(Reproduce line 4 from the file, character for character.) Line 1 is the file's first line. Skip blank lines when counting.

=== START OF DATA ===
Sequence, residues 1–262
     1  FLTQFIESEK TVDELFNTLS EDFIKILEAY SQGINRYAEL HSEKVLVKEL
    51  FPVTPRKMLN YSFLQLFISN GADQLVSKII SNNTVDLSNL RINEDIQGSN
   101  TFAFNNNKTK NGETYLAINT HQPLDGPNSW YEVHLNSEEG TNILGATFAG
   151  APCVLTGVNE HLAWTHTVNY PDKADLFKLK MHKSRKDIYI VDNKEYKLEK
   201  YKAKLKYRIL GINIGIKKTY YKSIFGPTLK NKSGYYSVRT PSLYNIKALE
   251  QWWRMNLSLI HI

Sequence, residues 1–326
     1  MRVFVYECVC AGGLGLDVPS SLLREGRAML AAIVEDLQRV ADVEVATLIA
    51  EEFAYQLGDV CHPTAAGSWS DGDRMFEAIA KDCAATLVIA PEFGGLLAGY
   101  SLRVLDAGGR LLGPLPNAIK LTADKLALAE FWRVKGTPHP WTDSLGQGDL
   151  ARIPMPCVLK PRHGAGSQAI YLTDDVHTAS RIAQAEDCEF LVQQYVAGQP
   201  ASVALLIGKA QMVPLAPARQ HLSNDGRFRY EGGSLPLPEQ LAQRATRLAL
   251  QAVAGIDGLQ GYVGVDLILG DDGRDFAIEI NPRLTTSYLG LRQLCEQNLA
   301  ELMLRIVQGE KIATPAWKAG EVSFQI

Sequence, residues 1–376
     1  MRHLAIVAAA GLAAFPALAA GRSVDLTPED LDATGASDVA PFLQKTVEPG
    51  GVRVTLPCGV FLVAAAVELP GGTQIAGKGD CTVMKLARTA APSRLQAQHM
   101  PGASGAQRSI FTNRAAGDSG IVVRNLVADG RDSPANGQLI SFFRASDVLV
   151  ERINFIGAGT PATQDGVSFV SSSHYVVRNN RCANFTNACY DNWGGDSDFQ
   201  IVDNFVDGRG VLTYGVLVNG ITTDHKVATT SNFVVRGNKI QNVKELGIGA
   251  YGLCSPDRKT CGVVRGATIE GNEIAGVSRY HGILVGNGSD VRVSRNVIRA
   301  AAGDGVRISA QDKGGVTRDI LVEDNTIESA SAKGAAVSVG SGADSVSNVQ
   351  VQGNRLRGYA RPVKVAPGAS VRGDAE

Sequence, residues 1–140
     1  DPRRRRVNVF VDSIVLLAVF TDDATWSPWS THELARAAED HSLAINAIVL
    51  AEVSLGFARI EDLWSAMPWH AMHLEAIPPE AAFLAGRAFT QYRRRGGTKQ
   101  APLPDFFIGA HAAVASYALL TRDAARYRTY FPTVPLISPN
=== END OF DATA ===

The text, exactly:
   101  TFAFNNNKTK NGETYLAINT HQPLDGPNSW YEVHLNSEEG TNILGATFAG